2. Realistic expectations: Don’t expect ledger technology to fix everything. Be selective and take the time to understand the real value drivers for your business: many topics can be solved without distributed ledger complexity.
  3. Due diligence: Be careful about the data you want to share – the project should be about shared control of data and not about data sharing.
  4. Go beyond the database: Consequently, don’t use your proposed application just as a database – DLTs are databases with shared control over what and how data is added with a reconciliation cycle before data is stored.
  5. Prove the business case: Avoid the risk of endless (and costly) Proof of Concepts (PoCs) – select the right use case and move to a Proof of Business (PoB) instead.
  6. Choose an experienced partner: And lastly, select a partner that isn’t there purely for the technology but understands the business modeling and enterprise ontology that comes with it.

The changes that DLT brings are going to be intense – there’s no getting away from that. But we urge you to resist the temptation to investigate this technology via a toe-in-the-water exercise.

The chances are, it won’t show any relevant benefit that energizes your stakeholders sufficiently to make meaningful progress. Alternatively, you might get locked in a cycle of endless PoCs, grappling with the technical issues raised by the previous cycle and getting bogged down by the rapidly-evolving technology components in the Blockchain and DLT ecosystems.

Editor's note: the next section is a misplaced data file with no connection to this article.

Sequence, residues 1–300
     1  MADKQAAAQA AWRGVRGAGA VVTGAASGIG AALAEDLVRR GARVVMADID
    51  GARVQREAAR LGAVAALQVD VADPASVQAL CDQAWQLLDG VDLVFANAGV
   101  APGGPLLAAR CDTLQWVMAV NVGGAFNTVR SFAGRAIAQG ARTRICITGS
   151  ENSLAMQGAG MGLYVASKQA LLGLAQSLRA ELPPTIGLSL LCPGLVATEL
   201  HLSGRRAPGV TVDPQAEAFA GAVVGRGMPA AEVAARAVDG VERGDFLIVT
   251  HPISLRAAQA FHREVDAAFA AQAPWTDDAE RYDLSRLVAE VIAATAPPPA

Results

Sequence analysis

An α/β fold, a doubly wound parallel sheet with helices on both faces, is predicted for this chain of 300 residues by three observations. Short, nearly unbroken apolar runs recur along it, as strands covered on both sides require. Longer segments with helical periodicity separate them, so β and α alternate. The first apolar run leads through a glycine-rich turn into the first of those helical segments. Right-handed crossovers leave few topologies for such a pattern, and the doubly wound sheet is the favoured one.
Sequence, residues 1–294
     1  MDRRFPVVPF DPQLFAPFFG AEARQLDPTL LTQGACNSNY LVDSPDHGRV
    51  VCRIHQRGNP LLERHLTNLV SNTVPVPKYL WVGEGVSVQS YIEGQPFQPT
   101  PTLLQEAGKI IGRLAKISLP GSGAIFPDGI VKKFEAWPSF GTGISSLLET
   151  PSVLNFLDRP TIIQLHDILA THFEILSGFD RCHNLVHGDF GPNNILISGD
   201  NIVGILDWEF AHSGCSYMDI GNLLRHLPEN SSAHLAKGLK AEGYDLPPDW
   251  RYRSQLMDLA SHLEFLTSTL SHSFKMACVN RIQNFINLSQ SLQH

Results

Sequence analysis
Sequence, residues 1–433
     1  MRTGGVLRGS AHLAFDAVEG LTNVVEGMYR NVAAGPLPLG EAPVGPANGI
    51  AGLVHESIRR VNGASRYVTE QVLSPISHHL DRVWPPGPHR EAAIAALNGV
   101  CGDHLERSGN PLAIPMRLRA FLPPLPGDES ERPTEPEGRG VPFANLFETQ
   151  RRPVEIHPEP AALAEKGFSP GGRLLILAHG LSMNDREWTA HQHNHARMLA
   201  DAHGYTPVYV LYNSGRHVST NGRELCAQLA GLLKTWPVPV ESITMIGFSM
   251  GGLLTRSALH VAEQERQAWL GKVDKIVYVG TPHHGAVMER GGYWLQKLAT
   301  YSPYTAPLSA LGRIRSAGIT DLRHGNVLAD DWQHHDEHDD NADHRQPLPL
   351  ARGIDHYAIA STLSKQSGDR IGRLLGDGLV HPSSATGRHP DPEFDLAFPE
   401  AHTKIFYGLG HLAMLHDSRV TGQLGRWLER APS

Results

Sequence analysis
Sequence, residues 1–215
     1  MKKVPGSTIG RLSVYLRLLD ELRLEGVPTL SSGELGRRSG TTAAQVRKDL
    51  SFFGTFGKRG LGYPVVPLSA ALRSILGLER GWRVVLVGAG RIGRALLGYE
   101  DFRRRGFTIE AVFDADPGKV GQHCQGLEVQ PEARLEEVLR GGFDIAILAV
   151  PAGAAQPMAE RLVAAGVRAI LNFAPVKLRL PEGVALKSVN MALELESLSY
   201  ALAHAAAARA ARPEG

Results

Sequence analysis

The key to getting a blockchain project off the ground successfully is shifting your initial focus from the technology to the business drivers and the impact of your idea, in a proof of business test. This means a fundamental assessment of how DLT could reform or transform how you do business.

If you’re still uncertain whether this is the right path for your organization, then try to answer the 10 key questions listed here. They could save you a great deal of time and resources, as well as set you on the path to something transformative, but crucially, viable.

10 key questions to ask before starting a Blockchain project

  1. Are you sure you have a real use case for Distributed Ledger Technology based on the six key elements?
  2. Is there a relevant use case that brings sufficient benefits (operational or financial) where all stakeholders buy-in?
  3. Is there a business and market case over a reasonable time including any modifications to existing systems and processes?
  4. Are all stakeholders (internal, participants, authorities, etc.) on board (in- and outside the company) and is the right governance in place?
  5. What are the standards the projects will adhere to and have you mitigated the risk of evolving standards (technical and non-technical)?
  6. Are the technical, business and operational scalability and performance requirements understood and managed?
  7. Have you sufficiently understood non-technical elements including: decision and process modelling, business (re-)engineering, use cases interaction, enterprise ontology, adoption?
  8. How will regulatory and compliance issues be addressed?
  9. Are there any fundamental legal risks that occur when conducting the project?
  10. How is security and trust handled and what protocols will be put in place to manage this?